Brown rot on sweet cherries. Courtesy Country Life in B.C.

Once infected, an orchard was in danger whenever weather conditions suited the growth of the fungus, for spores can arise for up to ten years from “mummies”, those shrivelled up infected fruits left by the pickers which fall to the round and incubate the disease. In warm, wet weather brown rot can destroy half or more of the crop in an orchard in less than a week.

The helplessness of growers against brown rot was reduced with the discovery in 1907 that sulphur, used either as a lime-sulphur mixture or later in the form of wettable sulphur powder, gave better control without the damage to fruit done by the caustic Bordeaux mixture. However, for truly effective prevention of post-harvest brown rot, growers had to wait until the era of synthetic chemicals following the Second World War. “Captan”, the first of what is now an extensive range of fungicides, made its appearance in 1952. It had been discovered by accident when Dr. Allen R. Kittleson, a research chemist for the Standard Oil Company of New Jersey, submitted a random sample of an untested chemical to the company’s biological laboratory for fungicidal screening as a joke! To his surprise, the sample turned out to be effective against a wide range of fungal diseases, and “Captan” is still used to control brown rot in stone fruit, apple scab, and a number of other fungal diseases of fruit. So, thanks to “Kittleson’s Killer”, growers today seldom experience the sickly smell of concentrated brown rot, nor do they watch clouds of spores puffing off the fruit in their hopelessly infected crops of plums, peaches, or cherries.

The annual meeting of 1901 reiterated the Association’s resolve to develop markets, endeavoured once more to agree on standard sizes for fruit boxes, and, as usual, complained of high freight rates. During the fruit season, an expert fruit packer, B.G. Stoddard, was employed and gave practical lessons on grading and packing at twenty-six places, and the B.C.F.G.A. succeeded in gathering an experimental carload of fruit which travelled to Prairie markets in the care of J.C. Metcalfe. This refrigerated car, only partly iced due to an ice shortage at the loading point, left New Westminster on September 9th loaded with 805 crates of prunes and 80 boxes of pears. After six days in transit, the fruit sold at Winnipeg at 45 cents a crate, ten cents better than the price on local markets, “and Mr. Metcalfe assures us that had the brown rot not appeared he would have had no difficulty in getting 50 cents.” The experiment was accounted a success, as it showed that, properly handled, fruit could be shipped in carload lots as far as Winnipeg and sold there at a profit.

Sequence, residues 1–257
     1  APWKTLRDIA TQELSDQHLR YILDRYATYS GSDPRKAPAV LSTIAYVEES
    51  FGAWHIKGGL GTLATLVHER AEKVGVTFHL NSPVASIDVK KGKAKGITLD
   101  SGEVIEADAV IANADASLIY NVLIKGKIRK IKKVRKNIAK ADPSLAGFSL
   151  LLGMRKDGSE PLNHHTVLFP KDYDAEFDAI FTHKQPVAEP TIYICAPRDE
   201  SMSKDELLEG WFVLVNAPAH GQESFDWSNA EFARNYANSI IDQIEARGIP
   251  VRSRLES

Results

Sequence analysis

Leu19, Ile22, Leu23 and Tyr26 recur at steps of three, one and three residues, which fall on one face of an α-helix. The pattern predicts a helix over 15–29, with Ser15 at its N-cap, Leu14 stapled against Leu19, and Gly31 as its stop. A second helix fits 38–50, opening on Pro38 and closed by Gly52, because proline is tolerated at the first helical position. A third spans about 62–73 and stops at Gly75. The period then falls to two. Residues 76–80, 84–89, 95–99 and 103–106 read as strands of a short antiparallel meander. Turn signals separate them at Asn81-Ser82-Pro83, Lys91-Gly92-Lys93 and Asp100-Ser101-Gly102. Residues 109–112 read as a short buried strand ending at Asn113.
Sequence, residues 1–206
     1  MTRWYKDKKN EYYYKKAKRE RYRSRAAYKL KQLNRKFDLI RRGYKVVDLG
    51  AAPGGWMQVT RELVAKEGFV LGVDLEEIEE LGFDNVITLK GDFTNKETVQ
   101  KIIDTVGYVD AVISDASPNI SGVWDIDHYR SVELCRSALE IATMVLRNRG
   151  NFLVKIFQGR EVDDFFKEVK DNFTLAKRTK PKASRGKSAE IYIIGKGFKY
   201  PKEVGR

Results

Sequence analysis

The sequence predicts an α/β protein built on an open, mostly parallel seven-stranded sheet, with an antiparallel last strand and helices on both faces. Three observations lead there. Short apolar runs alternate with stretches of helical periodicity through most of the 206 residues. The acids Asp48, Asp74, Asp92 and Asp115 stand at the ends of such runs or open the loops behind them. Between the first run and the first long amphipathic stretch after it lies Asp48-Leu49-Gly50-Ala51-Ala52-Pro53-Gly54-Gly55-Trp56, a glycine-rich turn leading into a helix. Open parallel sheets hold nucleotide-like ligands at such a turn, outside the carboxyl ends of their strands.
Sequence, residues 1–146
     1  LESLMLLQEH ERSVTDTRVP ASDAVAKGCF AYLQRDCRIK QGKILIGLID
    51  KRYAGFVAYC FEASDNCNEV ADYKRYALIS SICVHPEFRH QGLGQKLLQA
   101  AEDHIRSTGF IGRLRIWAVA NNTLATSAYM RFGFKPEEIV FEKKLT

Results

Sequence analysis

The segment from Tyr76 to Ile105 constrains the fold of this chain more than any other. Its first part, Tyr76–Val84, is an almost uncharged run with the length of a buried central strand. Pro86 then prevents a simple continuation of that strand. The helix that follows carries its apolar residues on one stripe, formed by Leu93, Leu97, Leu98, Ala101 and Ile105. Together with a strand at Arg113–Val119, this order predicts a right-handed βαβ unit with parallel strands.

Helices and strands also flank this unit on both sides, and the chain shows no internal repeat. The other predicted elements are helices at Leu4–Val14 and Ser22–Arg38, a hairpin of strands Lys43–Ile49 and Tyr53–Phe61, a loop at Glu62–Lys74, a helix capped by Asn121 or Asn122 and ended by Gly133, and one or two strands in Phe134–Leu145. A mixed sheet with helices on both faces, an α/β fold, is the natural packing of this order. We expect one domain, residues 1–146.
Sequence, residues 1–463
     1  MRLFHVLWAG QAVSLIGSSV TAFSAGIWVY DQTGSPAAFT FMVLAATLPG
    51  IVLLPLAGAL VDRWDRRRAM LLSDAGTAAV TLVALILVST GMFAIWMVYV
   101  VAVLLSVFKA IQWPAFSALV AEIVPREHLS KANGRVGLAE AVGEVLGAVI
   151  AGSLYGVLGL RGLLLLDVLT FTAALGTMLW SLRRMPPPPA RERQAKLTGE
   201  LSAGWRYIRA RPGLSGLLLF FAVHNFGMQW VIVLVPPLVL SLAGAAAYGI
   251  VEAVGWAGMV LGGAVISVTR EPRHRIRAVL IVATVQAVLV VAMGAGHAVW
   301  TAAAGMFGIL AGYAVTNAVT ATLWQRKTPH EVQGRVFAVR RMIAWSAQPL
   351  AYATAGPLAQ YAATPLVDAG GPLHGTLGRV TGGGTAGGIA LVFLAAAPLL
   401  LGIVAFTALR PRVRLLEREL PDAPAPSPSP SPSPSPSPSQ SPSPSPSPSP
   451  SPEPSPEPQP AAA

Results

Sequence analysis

Premier Richard McBride’s lot on the Middle Bench, Penticton, 1907.Courtesy Penticton Museum

Despite the success of the Association’s activities in 1901, membership had dwindled further, and when the 1902 annual meeting decided that all members should be directors, it was noted that this made a Directorate of only 28. Various papers on horticultural topics were received, and the previous year’s program of packing demonstrations and trial shipments of fruit continued. Four carloads were shipped under the auspices of the B.C.F.G.A. in 1902. An exhibit of three tons of fruit was sent to the annual exhibition of the Western Horticultural Society in Winnipeg, which drew favourable publicity for B.C. fruit. At the Association’s request, an Inspector was appointed to enforce the federal “Fruit Marks Act”, passed in 1901, which required all fruit packages to be marked with variety, grade, and the name and address of the shipper. As a result of this activity, membership picked up, and by the 1903 annual meeting there were 161 members, “and with one or two exceptions all are actively engaged in the work of fruit-growing; whereas in former years, the membership was made up largely of professional and business men who had no actual interest in the business of fruit-growing.”

Due to lack of funds, the packing demonstrations and the carload shipments were not repeated in 1903, although the Association did send displays of fruit to Regina, Brandon, and Saskatoon to publicize the British Columbia product. During 1904 and for several years following, the activities of the B.C.F.G.A. were largely limited to horticultural discussions at the annual and quarterly meetings, to informational meetings demonstrating proper techniques to fruit growers, to promotional displays of British Columbia fruit, and to the formation of local cooperative Fruit Growers’ Associations, which would affiliate with the provincial body. Also, for the first time in 1904, the B.C.F.G.A. went into the supply business, selling fruit wrapping paper and importing a shipment of chemically pure copper sulphate from England, “with a view to demonstrate the great value of the chemically pure article over that usually sold by the trade”. This activity was continued and expanded for several years; in 1908 the Association sold $1073 worth of spray materials and $353 worth of fruit wrapping paper.